1. re: ChewFun

                    Maybe I just picked the wrong food to order, then (though I have seriously had better food at Applebees). But I think Clyde's in Gallery Place has much better food at much better prices. Old Ebbitt is generally about location and ambiance.

                  2. re: yfunk3

                    It is a step above Applebees and TGIF Fridays both in terms of ingredients and preparation. There are better choices- and much shorter lines-- but you aren't being fair. I've eaten regularly at the takeout express when I worked in the area and it is a tasty, well put together, reasonable price place- far better that food court food or the salad bars in many office buildings.

                    1. re: ClevelandDave

                      I still stand by my opinion. The ribs, cornbread, salmon, veggies were worse than what I have eaten at Applebees and didn't taste like the quality of the ingredients or preparation was much above Applebees or TGIF (and I've been to some crappy TGIFs). Maybe it was just an off night (a Tuesday), but it just wasn't good to me. To be honest, I really only tried it because it HAD gotten such good reviews here and on Yelp, and I was really surprised at the lack of effort that went into everything. The crab and artichoke dip is good, but it wasn't better than the various rich dips you'd get at any chain, and there was a distinct lack of crab and artichoke. The ribs were just tough, not a lot of meat on them, flavorless (not even any salt), the sauce on them was flavorless except for the salt, the salmon was overcooked and rubbery, the sauce on the salmon was salty as heck, the vegetables were either overcooked or frozen and warmed up, the cornbread was dry, crumbly and flavorless. Fries came with my ribs and those were okay, but obviously the frozen kind which are kind of hard to mess up.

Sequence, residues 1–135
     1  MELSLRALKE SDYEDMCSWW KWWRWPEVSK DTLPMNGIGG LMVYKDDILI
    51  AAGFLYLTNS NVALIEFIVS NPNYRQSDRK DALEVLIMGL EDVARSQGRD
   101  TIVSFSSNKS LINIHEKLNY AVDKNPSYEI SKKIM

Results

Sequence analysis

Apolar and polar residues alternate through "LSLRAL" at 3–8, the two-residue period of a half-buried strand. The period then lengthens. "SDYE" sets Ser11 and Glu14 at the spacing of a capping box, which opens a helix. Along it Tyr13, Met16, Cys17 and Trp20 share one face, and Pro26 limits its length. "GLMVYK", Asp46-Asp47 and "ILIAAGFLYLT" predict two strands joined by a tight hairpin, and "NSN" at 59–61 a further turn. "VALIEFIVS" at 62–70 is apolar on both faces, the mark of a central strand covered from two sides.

Like I said, maybe it was because I didn't order the burger or steak (and I'm not a fan of raw oysters) or other simpler items. Whatever it was, I'm not really interested in going back and trying to find something that IS good enough to be deemed "pretty good". I do find the fact that people keep trying to convince me that the food is better than what I experienced amusing, though. I don't think I'm being unfair because I'm just stating my own experience with these dishes that I've had, and I'm not actively saying that Old Ebbitt is the biggest rip-off in town or anything like that. Go if you want to go and if you like it, then great. It's a good, convenient location and the space is great for happy hours or if you want a little of that classic, historical ambiance.